Pilates is one of thosethat constantly surprises me. Sometimes I’ll take a and find that it’s the perfect restorative type of movement I need but I still feel like I did something. On another day I can go to a reformer class (a type of Pilates class where you use a reformer machine for resistance) and find it so challenging that I have to stop to take multiple breaks.
Pilates classes have a reputation for beingyet powerful workouts and the good news is you can do them at home, whether you prefer a studio with fancy equipment or not. With the huge amount of pilates out there (including pilates balls, pilates rings, bands and reformers) it can seem intimidating to start at home, even if you can manage to get your hands on fitness equipment right now. To help you start your own Pilates routine at home, I tapped two pilates instructors for their best tips on how to set up a home practice.
What is Pilates?
Pilates was developed in the 1920s by Joseph Pilates. According to Mayo Clinic, fundamentally, pilates practices are based on low-impact movements and exercises that help strengthen the muscles while also keeping them balanced and flexible. There is a huge emphasis on alignment and posture in pilates, which is one of the reasons why many people are drawn to the method. Dancers and athletes often use it to help balance their other training, and it’s often used to help people rehab or recover from injuries.
There are several types of pilates classes and methods out there, and it can take some trial and error to figure out what type is best for you and what kind of instructor style you like.
Pilates is a highly effective workout that can help you get stronger while keeping your body safe. Other benefits include better core strength, stability, flexibility, injury prevention and better posture.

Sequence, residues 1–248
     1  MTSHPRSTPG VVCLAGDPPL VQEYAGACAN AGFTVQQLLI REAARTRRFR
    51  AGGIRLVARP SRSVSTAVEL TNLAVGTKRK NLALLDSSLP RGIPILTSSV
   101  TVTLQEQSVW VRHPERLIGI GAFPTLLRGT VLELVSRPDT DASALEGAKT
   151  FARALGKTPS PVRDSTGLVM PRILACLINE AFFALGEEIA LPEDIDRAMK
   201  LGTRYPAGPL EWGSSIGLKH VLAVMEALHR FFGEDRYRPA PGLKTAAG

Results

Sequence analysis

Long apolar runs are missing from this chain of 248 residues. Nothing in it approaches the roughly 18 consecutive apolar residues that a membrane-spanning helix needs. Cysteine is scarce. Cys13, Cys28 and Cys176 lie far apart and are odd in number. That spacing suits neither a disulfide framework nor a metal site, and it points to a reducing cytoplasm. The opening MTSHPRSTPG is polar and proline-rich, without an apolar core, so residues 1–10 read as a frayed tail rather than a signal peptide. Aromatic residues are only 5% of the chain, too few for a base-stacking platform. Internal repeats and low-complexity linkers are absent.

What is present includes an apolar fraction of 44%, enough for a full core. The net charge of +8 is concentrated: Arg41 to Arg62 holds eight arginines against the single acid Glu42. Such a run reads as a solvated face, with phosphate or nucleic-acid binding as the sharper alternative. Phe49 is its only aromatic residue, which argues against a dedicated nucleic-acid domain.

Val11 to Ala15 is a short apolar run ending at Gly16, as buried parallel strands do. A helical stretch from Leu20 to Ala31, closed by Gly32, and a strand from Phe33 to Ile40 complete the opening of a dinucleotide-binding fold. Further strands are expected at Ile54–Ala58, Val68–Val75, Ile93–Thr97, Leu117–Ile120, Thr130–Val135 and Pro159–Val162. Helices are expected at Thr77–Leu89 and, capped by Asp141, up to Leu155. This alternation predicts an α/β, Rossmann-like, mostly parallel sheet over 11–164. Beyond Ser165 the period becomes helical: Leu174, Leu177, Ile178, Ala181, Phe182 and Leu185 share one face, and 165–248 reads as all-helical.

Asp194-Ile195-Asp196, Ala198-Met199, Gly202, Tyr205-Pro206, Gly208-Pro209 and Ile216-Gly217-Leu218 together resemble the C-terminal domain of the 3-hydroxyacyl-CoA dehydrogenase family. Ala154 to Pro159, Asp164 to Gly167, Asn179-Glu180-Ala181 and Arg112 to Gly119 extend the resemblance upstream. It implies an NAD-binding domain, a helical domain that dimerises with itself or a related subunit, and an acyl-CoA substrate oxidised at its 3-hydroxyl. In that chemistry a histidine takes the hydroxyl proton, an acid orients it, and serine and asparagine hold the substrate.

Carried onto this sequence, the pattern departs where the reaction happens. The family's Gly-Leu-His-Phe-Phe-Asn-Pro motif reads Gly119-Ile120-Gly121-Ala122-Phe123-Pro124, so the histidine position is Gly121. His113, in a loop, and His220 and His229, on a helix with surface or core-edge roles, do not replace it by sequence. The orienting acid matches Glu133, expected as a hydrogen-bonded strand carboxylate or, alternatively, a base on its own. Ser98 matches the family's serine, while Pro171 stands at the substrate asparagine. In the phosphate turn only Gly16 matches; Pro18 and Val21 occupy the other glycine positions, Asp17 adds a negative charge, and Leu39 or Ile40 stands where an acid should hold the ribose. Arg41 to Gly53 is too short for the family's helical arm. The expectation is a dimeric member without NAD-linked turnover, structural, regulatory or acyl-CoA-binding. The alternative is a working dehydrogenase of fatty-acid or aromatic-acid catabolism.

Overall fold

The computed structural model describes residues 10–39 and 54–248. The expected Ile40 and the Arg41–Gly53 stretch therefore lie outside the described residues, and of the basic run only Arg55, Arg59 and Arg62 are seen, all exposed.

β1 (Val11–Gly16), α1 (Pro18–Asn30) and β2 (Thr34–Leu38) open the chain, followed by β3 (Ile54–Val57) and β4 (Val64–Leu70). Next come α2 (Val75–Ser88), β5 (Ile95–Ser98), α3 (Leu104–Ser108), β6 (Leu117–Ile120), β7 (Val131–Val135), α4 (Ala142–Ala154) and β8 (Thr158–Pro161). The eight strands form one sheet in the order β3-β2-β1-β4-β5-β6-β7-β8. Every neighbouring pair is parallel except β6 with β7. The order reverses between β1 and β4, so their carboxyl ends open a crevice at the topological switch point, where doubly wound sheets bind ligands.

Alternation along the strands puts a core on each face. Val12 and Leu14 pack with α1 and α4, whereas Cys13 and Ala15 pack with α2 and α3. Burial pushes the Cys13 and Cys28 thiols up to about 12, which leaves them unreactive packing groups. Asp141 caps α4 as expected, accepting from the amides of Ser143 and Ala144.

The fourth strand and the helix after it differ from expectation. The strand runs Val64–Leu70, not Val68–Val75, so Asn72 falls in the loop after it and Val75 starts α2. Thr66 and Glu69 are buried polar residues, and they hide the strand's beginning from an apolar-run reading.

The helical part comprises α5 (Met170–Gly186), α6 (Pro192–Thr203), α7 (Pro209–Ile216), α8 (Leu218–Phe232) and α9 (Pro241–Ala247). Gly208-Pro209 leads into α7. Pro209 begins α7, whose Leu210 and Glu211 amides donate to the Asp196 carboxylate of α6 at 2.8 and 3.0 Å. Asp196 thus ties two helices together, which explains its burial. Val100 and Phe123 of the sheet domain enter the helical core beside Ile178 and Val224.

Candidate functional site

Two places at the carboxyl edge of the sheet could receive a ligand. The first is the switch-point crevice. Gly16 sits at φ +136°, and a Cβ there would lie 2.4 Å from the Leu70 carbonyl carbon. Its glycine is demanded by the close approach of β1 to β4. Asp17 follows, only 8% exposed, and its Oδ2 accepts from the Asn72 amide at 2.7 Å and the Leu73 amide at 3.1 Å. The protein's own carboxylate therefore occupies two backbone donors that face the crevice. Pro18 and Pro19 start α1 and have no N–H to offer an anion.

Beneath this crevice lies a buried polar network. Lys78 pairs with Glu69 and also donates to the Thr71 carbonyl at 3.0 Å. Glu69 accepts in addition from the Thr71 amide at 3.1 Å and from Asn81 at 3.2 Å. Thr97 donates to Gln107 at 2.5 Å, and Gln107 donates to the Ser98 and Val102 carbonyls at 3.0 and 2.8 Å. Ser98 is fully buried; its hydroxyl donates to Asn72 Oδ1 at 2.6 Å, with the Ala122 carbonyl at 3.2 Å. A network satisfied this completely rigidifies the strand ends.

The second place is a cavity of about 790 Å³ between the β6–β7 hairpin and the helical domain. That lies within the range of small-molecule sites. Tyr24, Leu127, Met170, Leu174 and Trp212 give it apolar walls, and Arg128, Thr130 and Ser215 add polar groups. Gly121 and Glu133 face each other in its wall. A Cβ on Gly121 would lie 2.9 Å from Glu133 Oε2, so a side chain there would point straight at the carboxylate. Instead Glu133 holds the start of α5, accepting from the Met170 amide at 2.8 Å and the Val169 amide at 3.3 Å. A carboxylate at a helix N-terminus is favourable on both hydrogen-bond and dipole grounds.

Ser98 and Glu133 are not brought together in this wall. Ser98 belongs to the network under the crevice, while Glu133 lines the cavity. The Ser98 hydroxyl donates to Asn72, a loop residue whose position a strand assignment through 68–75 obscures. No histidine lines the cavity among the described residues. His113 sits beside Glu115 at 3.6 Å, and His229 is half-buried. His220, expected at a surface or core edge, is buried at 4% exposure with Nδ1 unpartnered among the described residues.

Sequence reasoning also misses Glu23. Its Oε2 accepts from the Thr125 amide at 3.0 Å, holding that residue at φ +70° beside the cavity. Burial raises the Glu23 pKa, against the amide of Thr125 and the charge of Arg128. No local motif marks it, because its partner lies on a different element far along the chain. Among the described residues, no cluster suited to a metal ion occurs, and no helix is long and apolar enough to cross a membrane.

If your idea of a great workout class is low impact, slow, but intense — then you need to try a reformer style class. “With the resistance-based movement, you are moving as slow as you can. As you are moving slowly, you are using your bodyweight. When you’re at home, it’s the same idea and just as effective because you’re getting thebecause you are moving really slow and building that tension and eventually bringing it to failure. And you’re still getting the same burn feeling [as a reformer studio class],” Brown says.
Basics for your home studio setup
Although you don’t need any equipment to practice pilates at home, a few basics, like a, will help you set up your space and have a comfortable practice. According to Heather Anderson, founder of New York Pilates and NYP Online, finding some space and ideally, a space with light is a good foundation.
“It’s important to set yourself up for success when working out from home. Step one is to find a spot with plenty of space and good light. Step two is to set the vibe. Play some music and light a scented candle,” Anderson says. Setting up a space you not only feel comfortable working out in but enjoy will help you feel motivated and more likely to keep your practice going.
If you are missing your studio pilates workouts due to COVID-19, Anderson suggests trying to mimic the experience by putting on a workout outfit you would wear to the studio and connect with others.